About Cape Verde

Jutting up from the Atlantic, some 500km west of Senegal, this stunning island chain has a captivating blend of mountains, beaches and peaceful seaside villages.

The Cape Verde islands are a place of great contrasts, with each of the 10 islands offering a different experience. Find out more about each of these unique and rewarding destinations alongside culture and useful information, helping you to discover the variety of holiday experiences you could soon be enjoying... 



Cape Verde culture is built on music, storytelling and food – the only ways African slaves transported here could express themselves under Portuguese rule. These days, islanders still sing as they work, strum the violao after dinner, and celebrate Carnival and saints’ fiestas with a West African flourish. Discover how the best holidays don't leave you listening from the outside – they invite you into the celebrations.


Best time to go

Between October and June, temperatures on the Cape Verde Islands average 26°C and, and on either side of that, it doesn’t tend to drop below the 19°C mark. Plus, a breeze from the Sahara keeps things comfortable in the hotter months. Rainfall is a real rarity here.


How many days do I need in Cape Verde?

Two weeks allows you to visit four islands or even five for the fastest. It is possible to spend 5 days on the islands of São Vicente and Santo Antão, then 5 to 6 days on those of Santiago and Fogo. Before leaving for the island of Sal, we advise you to stop for 2 days in Maio, a real paradise that is still not very touristy. You will be tempted to add other islands to your trip, but don't forget the time lost when travelling by plane or boat. The stay can be very frustrating if you spend it in airports. It is better to limit yourself to enjoying these two weeks of holidays.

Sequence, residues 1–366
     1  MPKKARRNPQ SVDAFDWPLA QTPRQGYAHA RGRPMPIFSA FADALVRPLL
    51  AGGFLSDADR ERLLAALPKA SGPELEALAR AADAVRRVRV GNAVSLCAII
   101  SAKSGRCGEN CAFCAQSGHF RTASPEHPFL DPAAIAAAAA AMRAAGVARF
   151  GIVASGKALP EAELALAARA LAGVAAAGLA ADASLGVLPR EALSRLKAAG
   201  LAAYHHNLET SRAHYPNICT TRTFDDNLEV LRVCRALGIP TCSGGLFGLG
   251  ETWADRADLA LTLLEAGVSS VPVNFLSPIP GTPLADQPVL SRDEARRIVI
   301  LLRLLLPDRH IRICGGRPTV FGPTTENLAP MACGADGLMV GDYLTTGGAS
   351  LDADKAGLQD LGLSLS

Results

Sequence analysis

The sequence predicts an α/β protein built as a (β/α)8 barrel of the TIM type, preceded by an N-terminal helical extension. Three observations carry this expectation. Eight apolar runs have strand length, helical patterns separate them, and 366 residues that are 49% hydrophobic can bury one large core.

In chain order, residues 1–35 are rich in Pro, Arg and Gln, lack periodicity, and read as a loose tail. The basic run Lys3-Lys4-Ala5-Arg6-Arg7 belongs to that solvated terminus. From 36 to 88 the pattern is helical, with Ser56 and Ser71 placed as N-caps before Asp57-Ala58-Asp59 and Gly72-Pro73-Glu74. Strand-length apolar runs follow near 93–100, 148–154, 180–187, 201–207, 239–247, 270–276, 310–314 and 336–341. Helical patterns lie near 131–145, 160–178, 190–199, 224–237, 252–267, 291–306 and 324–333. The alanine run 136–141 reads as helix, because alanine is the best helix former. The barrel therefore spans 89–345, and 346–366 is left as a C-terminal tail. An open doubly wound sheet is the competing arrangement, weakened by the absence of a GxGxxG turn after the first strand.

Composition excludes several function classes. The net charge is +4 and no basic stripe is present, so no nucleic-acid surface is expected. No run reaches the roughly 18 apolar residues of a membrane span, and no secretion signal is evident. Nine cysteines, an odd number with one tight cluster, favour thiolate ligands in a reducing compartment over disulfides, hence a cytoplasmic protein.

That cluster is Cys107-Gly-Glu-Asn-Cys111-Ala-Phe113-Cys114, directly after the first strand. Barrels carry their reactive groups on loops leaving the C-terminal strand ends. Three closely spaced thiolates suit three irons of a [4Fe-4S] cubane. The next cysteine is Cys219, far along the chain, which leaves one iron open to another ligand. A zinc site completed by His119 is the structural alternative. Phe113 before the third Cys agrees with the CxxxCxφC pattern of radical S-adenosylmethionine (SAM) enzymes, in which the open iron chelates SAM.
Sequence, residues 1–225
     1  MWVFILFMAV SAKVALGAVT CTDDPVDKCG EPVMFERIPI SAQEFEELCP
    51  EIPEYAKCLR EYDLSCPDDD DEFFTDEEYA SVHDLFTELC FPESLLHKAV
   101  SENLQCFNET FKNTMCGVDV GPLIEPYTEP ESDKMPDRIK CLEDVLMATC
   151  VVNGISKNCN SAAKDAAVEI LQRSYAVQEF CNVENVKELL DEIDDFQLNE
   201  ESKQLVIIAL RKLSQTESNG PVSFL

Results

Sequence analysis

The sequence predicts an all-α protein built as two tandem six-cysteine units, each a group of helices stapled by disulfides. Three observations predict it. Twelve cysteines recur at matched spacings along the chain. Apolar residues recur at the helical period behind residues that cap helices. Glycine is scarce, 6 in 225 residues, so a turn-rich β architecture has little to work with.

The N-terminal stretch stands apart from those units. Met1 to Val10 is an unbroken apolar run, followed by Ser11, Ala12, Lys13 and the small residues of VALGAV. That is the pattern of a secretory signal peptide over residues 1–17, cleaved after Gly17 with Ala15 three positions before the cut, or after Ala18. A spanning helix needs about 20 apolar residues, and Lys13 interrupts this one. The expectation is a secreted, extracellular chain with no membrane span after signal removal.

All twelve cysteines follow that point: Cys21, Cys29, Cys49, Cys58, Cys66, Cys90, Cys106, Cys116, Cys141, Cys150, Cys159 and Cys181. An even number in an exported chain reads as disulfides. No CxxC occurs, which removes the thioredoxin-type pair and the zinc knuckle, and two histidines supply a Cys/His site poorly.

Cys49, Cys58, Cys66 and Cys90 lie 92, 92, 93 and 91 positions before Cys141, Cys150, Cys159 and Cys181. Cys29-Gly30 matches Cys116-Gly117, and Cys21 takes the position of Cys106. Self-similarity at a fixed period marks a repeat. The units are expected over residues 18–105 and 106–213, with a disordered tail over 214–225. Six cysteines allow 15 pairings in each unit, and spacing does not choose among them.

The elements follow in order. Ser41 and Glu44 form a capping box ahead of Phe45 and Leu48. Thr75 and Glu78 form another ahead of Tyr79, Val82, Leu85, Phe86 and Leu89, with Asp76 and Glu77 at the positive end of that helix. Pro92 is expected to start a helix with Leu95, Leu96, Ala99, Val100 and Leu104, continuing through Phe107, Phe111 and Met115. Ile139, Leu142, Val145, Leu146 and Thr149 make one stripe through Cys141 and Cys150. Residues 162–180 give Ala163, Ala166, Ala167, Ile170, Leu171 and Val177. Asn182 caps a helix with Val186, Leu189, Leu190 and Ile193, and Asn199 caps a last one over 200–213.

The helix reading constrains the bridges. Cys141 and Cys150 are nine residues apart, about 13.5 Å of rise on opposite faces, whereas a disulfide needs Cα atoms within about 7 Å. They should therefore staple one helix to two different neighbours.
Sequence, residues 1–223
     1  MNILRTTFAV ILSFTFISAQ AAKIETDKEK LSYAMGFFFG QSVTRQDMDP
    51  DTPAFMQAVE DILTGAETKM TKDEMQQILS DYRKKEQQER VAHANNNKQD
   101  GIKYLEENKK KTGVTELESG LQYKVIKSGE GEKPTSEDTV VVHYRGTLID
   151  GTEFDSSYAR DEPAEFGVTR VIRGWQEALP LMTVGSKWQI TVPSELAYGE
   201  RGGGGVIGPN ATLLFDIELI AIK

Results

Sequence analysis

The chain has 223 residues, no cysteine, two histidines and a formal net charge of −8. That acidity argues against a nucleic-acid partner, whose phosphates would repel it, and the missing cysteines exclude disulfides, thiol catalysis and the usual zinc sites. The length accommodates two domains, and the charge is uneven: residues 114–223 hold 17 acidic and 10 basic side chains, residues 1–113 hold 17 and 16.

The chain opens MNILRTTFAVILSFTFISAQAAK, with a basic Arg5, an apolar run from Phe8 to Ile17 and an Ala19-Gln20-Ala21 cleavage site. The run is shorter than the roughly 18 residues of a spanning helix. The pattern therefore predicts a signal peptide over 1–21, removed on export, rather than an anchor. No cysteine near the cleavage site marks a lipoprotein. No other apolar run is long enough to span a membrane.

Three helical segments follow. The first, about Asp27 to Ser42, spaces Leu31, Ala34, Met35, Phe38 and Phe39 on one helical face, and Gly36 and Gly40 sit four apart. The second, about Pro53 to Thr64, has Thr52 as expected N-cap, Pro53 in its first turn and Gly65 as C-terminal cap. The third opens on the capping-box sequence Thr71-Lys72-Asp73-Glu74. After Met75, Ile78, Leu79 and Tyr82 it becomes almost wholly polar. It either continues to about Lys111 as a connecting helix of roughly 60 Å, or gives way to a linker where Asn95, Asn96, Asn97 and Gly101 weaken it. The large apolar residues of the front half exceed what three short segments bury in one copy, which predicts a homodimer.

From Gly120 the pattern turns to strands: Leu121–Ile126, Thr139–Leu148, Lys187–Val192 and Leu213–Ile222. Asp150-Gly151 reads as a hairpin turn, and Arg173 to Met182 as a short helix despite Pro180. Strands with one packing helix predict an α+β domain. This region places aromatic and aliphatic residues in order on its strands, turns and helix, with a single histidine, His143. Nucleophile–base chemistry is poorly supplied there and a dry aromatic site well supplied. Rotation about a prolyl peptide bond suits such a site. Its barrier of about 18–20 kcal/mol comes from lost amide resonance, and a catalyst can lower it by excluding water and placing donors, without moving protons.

Things to do in Cape Verde

Holidays to Cape Verde are rewarding and exciting experiences, giving holidaymakers the opportunity to enjoy a range of different holiday types, from relaxing escapes soaking up the beauty of the coastline and the pampering nature of the hotel to adventurous trips focused on water sports and outdoor pursuits.

There are countless things to do in Cape Verde, and it is worth spreading these activities across the days you spend in the archipelago, thus allowing you to gain a diverse and rewarding array of experiences.


Getting around Cape Verde

The easiest way to get around is to fly with the local airline TACV. However, flights get overbooked, and travelling without an advance reservation is unreliable.

The cheaper alternative is ferries. While safe and reliable, crossings can be rough. Four- and six-berth cabins are available. Praia to Mindelo takes 12 hours.

Car hire is available on all the main islands; the cheaper option is aluguers, African minibuses which will pick you up and drop you off where you like.


Health & Safety

All travellers are required to have a PCR COVID-19 Clearance Certificate issued by a recognized facility within 48 hours from the date of departure, in line with WHO guidelines. Yellow fever and Malaria vaccination certificate is required from those travellers coming from areas of risk. Furthermore, you should take out comprehensive travel and medical insurance to cover you while you are away.


Interesting places to visit in Cape Verde

Sal Island